I know you are all brimming with ideas of what to do next. I hope you will not be distracted by, what I consider, a falsehood that ideas need to be guarded, locked up and not shared with others.

I come from the world of open collaboration where software source code, the classic example of the embodiment of ideas, is freely shared and improved upon. The business I am part of, Red Hat, built its US$2b revenue business on 100% open source code, all achieved with open collaboration on ideas and code.

My empirical experience has been that when ideas (and code) are shared, they get sharpened and the outcome is both unpredictable and beautiful. And just last week, the source code of Apollo 11 spacecraft was released and it is amazing to read the code and understand the constraints they had to work with in 1969.

Please don’t hold back on sharing your ideas.

I shall practise what I’ve preached and here’s an idea that I hope some of you will consider picking up:

Electric cars are fun, but the challenge is one of re-charging it. Re-charging is being done today by retrofitting and building new charging infrastructure. And that takes time. So here’s my idea for a start-up which I shall call PowerBuddy:

a) PowerBuddy operates a mobile, battery-powered fleet of “charging vehicles”

b) these charging vehicles are strategically placed all over Singapore

c) As a subscriber to PowerBuddy, your car will be tracked with your permission, so that PowerBuddy will know what the charge level is at all times and, based on pre-arranged settings, provide a quick (or full) recharge wherever the car is parked at.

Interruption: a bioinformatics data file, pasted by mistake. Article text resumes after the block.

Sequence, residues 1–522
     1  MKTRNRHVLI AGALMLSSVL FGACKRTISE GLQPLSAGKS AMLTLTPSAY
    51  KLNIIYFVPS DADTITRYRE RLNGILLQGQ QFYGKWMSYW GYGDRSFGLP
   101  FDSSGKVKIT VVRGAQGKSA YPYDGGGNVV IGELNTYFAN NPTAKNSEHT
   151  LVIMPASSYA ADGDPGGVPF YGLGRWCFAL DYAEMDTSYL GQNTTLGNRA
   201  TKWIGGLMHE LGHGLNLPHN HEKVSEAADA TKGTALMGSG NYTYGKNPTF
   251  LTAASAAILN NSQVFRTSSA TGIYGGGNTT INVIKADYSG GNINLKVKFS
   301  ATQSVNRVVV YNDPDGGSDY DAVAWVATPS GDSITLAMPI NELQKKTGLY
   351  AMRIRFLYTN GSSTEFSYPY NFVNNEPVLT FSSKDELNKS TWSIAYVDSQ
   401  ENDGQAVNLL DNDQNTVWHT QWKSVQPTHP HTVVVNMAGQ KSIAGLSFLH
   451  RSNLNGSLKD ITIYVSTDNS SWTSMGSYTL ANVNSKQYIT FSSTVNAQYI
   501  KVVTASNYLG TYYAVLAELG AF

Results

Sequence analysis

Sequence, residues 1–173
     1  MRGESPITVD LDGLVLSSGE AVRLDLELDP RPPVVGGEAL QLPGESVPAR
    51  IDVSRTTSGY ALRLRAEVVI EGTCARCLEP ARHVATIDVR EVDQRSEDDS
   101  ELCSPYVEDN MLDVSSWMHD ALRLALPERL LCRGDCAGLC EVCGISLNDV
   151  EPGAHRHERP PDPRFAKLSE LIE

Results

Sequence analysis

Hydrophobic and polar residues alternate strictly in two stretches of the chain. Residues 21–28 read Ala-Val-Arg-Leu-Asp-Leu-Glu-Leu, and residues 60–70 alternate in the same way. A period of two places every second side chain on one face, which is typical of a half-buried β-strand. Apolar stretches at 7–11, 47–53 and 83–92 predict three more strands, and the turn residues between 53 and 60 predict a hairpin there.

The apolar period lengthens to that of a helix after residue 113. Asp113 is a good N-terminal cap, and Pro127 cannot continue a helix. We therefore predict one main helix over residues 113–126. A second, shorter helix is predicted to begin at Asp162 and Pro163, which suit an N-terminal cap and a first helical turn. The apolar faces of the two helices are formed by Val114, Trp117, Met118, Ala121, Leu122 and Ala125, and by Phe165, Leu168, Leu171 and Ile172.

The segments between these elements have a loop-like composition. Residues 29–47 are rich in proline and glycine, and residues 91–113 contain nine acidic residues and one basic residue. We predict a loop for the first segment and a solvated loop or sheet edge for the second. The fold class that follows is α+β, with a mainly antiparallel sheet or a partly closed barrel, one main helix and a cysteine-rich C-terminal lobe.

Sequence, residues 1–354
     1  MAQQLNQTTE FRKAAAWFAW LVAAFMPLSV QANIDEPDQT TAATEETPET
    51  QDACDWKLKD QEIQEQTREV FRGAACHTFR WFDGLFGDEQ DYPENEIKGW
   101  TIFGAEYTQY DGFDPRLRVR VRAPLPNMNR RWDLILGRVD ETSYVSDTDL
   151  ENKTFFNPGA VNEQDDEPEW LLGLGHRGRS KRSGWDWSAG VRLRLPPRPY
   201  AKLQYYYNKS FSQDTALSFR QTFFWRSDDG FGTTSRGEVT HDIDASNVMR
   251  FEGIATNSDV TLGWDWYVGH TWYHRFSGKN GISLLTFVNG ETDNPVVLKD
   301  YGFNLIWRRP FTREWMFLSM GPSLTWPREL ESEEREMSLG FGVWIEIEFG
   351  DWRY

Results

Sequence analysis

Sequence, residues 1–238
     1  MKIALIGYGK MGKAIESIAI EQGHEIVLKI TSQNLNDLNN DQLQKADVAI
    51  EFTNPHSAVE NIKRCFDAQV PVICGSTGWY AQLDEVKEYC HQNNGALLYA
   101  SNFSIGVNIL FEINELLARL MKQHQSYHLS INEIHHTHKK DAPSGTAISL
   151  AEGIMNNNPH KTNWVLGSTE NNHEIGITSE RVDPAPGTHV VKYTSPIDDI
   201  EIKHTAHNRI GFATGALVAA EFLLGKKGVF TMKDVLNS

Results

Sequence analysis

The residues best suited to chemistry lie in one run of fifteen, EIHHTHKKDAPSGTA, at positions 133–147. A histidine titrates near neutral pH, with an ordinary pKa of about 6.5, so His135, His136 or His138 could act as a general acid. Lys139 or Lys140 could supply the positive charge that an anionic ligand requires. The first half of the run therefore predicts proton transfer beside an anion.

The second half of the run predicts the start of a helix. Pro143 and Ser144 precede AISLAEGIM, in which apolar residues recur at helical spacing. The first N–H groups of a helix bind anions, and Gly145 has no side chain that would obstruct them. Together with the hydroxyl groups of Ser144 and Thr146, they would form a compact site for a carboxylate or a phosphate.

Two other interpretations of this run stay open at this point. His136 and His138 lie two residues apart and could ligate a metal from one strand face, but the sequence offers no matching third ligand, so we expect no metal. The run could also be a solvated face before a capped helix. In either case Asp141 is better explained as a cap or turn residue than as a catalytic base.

d) You can then go anywhere and not be worried about running out of juice and more importantly, not have to wait for the current infrastructure to catch up.

I hope some of you here will pick this up, ideate further and execute PowerBuddy. I would be happy to collaborate with you on this. We are engineers, we build solutions to address problems.

Engineering is a profession that loves precision but accepts and is extremely aware of real world approximations.

Any worthy engineer will solve problems in many cases by making assumptions, to a first approximation, and then to iteratively refine the solution until it is good enough. There is a growing community of engineers who recognise that “good enough” engineering is what makes the world happen. I believe in that approximation as well.

It was the French philosopher Voltaire who said: “Perfect is the opposite of Good Enough”. The real world we live in makes it almost impossible to be perfect. Embrace good enough and we can build solutions.

We all love to succeed. But success is a poor teacher – failure, on the other hand, is a fantastic albeit cruel teacher. You can learn lots from failure, but precious little from success.

So, make sure you define success on your own terms, and work to achieve success by your own rules. Fail, fail quick and often, so that you can succeed. And in that process, to build a life you’re proud to live.

Before I conclude, from one engineer to another, well done on becoming an engineer! Together, let’s build a better world.

And finally, thank you NUS for giving me this opportunity to address this afternoon’s commencement (Update: my address starts at around 0:26).

Congratulations Class of 2016.

Thank you.

Keeping a portfolio of accomplishments – an epiphany